Historic Ship Reclaimed By Nature Has a Second Life As a Protective Breakwater

Small forest growing on a shipwreck in the Pacific Northwest from r/interestingasfuck

While we've seen ships overrun by nature before, it's usually been due to a shipwreck. In Washington State, however, there is a forest-filled ship that serves another purpose. Located on the western side of the state in Anacortes, a four-masted schooner named La Merced has taken on new life as a breakwater in a case of creative recycling. Since it was moved into position in 1966, the boat has been overtaken by trees that grow in the sand that fills its hull. The ship is now a part of maritime history and was placed on the National Historic Register in 1990.

La Merced has a long and storied history since its creation in 1917. While four-masted schooners once numbered in the hundreds, La Merced is one of just four that remain intact. The boat was an auxiliary schooner during World War I before being used in the lumber trade between Portland and California.  It was then fitted to ship oil from the U.S. to Australia and New Zealand, bringing back grain on its return voyage. But the ship's adventure didn't end there. In the late 1920s, the 232-foot long La Merced was transformed into a floating cannery and worked out of Alaska.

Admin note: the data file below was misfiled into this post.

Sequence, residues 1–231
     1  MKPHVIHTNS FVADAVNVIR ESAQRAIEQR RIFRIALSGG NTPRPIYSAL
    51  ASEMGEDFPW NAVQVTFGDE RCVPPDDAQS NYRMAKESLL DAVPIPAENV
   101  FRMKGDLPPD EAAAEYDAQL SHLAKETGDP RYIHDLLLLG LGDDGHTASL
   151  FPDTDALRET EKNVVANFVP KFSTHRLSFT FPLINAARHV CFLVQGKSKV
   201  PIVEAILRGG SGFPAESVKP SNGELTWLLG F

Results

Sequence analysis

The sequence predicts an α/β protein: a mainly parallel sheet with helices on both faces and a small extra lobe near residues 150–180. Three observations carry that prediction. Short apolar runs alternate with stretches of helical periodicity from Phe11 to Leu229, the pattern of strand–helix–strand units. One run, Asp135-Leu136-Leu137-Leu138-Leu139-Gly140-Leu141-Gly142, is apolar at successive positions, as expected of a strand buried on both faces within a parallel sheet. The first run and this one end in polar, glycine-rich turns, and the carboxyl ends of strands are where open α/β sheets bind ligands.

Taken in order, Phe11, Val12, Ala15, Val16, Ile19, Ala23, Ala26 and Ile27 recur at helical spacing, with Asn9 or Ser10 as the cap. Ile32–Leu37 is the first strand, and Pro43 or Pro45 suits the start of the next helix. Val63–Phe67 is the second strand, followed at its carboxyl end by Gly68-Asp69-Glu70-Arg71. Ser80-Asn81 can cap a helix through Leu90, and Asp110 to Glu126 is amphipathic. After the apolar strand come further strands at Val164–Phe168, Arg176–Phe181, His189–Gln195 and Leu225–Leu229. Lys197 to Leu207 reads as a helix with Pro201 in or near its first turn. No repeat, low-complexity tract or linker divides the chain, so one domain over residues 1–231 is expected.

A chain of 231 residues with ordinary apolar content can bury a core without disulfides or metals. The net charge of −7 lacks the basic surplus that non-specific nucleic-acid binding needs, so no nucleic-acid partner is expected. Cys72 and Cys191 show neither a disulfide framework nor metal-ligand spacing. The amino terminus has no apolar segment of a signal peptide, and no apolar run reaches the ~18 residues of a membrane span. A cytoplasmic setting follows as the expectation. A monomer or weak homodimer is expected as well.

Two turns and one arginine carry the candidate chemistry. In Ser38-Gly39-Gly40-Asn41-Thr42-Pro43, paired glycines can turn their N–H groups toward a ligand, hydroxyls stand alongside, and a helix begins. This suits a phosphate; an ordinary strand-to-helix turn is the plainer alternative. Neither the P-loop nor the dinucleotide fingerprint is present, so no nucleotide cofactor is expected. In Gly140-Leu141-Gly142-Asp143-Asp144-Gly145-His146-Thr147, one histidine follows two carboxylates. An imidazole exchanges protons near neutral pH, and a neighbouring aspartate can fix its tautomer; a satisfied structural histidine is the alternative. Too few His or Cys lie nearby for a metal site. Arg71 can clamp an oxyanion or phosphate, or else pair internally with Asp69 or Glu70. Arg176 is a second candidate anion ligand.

As the end of the boat's working life neared, it was sold for salvage in 1965. It was then that its majestic masts were cut off. The propellers, engines, and deck fittings were also stripped prior to the schooner being moved to Lovric's Shipyard. The shipyard is where the boat remains today, nestled into rocks and rubble. Though La Merced no long floats on the water, the ship actually has remained watertight and is in surprisingly good shape.

Using the salvaged ship as a breakwater was quite forward-thinking for the owner of Lovric's Shipyard. Anton Lovric, known affectionately as Tony, was born in Croatia and immigrated to the United States in 1960. A life-long entrepreneur, in a short time Lovric was able to transform a former seafood processing plant into the marina and shipyard that still bears his name. It was Lovric who had an eye for repurposing La Merced. He brought the boat to its current location just one year after he purchased the property.

And here it remains; a piece of nautical history continuing to live on in a new role. Shielding the marina from crashing waves, La Merced is also a favorite site for photographers who love to capture the greenery that fills the ship.

La Merced is a four-masted schooner that has been transformed into a breakwater.

Over time, trees have filled the sand-filled hull.

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Jessica Stewart

Jessica Stewart is a Staff Editor and Digital Media Specialist for My Modern Met, as well as a curator and art historian. Since 2020, she is also one of the co-hosts of the My Modern Met Top Artist Podcast. She earned her MA in Renaissance Studies from University College London and now lives in Rome, Italy. She cultivated expertise in street art which led to the purchase of her photographic archive by the Treccani Italian Encyclopedia in 2014. When she’s not spending time with her three dogs, she also manages the studio of a successful street artist. In 2013, she authored the book 'Street Art Stories Roma' and most recently contributed to 'Crossroads: A Glimpse Into the Life of Alice Pasquini'. You can follow her adventures online at @romephotoblog.
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